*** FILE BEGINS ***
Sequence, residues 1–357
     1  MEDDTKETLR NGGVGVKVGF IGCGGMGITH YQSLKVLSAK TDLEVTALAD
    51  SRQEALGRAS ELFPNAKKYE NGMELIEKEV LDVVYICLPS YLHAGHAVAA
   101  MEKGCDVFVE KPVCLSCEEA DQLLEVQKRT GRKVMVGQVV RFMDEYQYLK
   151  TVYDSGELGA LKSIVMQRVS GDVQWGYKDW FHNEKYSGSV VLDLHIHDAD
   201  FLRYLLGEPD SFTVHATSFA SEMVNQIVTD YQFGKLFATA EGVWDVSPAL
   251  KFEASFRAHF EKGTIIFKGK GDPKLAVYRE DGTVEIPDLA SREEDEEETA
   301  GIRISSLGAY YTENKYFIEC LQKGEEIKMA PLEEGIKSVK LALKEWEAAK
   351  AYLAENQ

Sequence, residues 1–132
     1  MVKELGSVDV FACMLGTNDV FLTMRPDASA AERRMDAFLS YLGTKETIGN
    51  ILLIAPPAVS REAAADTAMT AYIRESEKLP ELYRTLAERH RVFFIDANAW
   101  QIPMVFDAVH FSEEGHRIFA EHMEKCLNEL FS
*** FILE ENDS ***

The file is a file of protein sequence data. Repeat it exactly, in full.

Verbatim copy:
Sequence, residues 1–357
     1  MEDDTKETLR NGGVGVKVGF IGCGGMGITH YQSLKVLSAK TDLEVTALAD
    51  SRQEALGRAS ELFPNAKKYE NGMELIEKEV LDVVYICLPS YLHAGHAVAA
   101  MEKGCDVFVE KPVCLSCEEA DQLLEVQKRT GRKVMVGQVV RFMDEYQYLK
   151  TVYDSGELGA LKSIVMQRVS GDVQWGYKDW FHNEKYSGSV VLDLHIHDAD
   201  FLRYLLGEPD SFTVHATSFA SEMVNQIVTD YQFGKLFATA EGVWDVSPAL
   251  KFEASFRAHF EKGTIIFKGK GDPKLAVYRE DGTVEIPDLA SREEDEEETA
   301  GIRISSLGAY YTENKYFIEC LQKGEEIKMA PLEEGIKSVK LALKEWEAAK
   351  AYLAENQ

Sequence, residues 1–132
     1  MVKELGSVDV FACMLGTNDV FLTMRPDASA AERRMDAFLS YLGTKETIGN
    51  ILLIAPPAVS REAAADTAMT AYIRESEKLP ELYRTLAERH RVFFIDANAW
   101  QIPMVFDAVH FSEEGHRIFA EHMEKCLNEL FS